Kitchener-Waterloo

Lack of cannabis retail stores in Waterloo region means black market will carry on: Police chief

Police Chief Bryan Larkin says the underground pot market is doing well. With no retail cannabis stores set to open in Waterloo region this month, the black market will carry on. Meanwhile, Kitchener Centre MPP Laura Mae Lindo worries how that could impact young people here.

'What we’re seeing is business carrying on in the underground market,' Larkin says

These pot edibles were seized from an illegal pot store in Cambridge that was busted twice in the same week prior to cannabis becoming legal. Next week, retail cannabis stores will be allowed to open in Ontario but there's only 25 of them and none are setting up shop in Waterloo region. That means the black market will carry on selling to people, police Chief Bryan Larkin says. (Waterloo Regional Police Service)

When 25 retail cannabis stores are allowed to open in the province on Monday, none will be having a grand opening in Waterloo region and that's a problem for police, says Chief Bryan Larkin.

The provincial government opted to allow a limited number of stores to open as of April 1, although not all of them will be ready to open on Monday. Those who are permitted to open won a lottery for cannabis retail store licenses and learned of their win in January.

Waterloo region was not chosen by any of the winners as a location for a store. The closest retail stores will be in London, the Hamilton area and Toronto. People can also purchase pot online.

"It's unfortunate," Larkin said in an interview with CBC Kitchener-Waterloo.

"One of the key recommendations of the end of prohibition of cannabis ... it was designed to actually create a regulated, controlled and lawful market and so it's concerning that our community [and] users will not have access to regulated, controlled stores."

Larkin says a retail market would have targeted illicit trafficking, organized crime, the grey market, the underground market and it would provide customers with a safe supply.

"We were hoping from a policing perspective and from a chief's perspective that the province would be ready to transition to retail stores at the end of the month. Clearly that won't happen for our region, so it does present challenges. Are they insurmountable? No, they're not insurmountable," he said.

"In many different ways what we're seeing is business carrying on in the underground market," Larkin said, adding officers will continue to focus on illicit storefronts as they pop up.

Impact to relationship between police and youth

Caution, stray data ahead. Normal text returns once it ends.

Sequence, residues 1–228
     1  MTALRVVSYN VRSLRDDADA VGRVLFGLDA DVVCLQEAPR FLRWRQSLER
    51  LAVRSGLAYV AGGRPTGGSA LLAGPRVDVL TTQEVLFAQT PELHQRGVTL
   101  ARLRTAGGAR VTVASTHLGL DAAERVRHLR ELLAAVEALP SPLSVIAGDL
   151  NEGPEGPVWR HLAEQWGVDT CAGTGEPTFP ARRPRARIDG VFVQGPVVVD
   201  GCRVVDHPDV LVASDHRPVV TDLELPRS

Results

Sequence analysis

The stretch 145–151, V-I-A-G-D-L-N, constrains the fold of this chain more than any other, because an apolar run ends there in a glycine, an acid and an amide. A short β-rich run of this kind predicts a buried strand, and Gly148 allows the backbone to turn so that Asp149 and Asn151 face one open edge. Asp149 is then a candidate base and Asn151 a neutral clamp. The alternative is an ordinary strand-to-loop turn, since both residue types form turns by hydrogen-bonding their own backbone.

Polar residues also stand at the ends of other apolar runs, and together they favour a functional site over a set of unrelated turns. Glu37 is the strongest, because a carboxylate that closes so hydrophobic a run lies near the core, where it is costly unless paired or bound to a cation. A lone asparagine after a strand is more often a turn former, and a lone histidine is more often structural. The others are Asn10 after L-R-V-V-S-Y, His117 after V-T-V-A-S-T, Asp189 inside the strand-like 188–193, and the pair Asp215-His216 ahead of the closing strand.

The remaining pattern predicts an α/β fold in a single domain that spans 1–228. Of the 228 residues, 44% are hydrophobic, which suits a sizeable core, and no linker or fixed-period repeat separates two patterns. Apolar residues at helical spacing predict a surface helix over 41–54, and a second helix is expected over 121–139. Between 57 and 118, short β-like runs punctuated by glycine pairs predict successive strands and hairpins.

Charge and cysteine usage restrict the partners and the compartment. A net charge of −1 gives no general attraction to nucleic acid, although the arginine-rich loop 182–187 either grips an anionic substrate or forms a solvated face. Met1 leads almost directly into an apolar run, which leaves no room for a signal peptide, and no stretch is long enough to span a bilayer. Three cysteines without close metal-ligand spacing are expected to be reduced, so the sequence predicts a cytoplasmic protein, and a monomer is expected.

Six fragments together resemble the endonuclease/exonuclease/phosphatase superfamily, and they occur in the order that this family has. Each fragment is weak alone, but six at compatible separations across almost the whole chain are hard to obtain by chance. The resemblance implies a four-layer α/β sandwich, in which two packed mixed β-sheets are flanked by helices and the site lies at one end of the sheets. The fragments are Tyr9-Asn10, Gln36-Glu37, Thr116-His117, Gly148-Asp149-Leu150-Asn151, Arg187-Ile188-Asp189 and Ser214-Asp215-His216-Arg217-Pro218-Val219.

Kitchener Centre MPP Laura Mae Lindo says she's also concerned about not having any local cannabis stores.

"One of my biggest concerns, and one of our biggest concerns as part of the official Opposition, is that. That this will contribute to the black market," she said.

But she also raised concerns about what this could mean for young people and in particular, young black people.

"I get worried about the fact that, across the province and including within our region, young, black males are often pulled over, questioned, carded more than others. And so the number of stereotypes that go with that, having this opportunity now where cannabis is legal … the fact that you might be high or acting as though you're high could be a reason now to stop people, question them," she said.

Lindo says she worries about the impact it could have on the relationship between police and the community.

She questions the way retail cannabis stores have been rolled out in the province.

"Why did the government choose to do it this way? Why not follow through with the idea of having this done in establishments that are already open like the LCBOs?" she said.

"Sometimes I think, with this particular government, the goal is to move too quickly without providing enough time to think through how this is going to impact folks."

A spokesperson for the Ministry of Finance says more stores will open 'when Ontario has determined that the federal government has provided for enough reliable supply.' (David Horemans/CBC)

More stores once there's 'enough reliable supply'

A spokesperson for the Ontario Ministry of Finance said the province is providing $40 million over two years to municipalities to help with the implementation costs of recreational cannabis legislation.

That money can be used for things like increased enforcement, both by police and bylaw, as well as court administration, an increased response to public inquiries, and paramedic and fire services calls related to the legislation.

The spokesperson noted in an email the province limited the number of stores allowed to open on April 1 "as a temporary measure due to the national supply shortage of cannabis."

It's unclear how stores in the province will receive licenses in the future or when that process may start. Jon Conquergood, CEO of Corner Cannabis, which wants to open a store in Waterloo region when the process opens again, said it's his understanding the next round could come in December.

The ministry spokesperson did not provide a timeline when asked.

"When Ontario has determined that the federal government has provided for enough reliable supply, Ontario will issue further retail store licenses," the emailed statement said.

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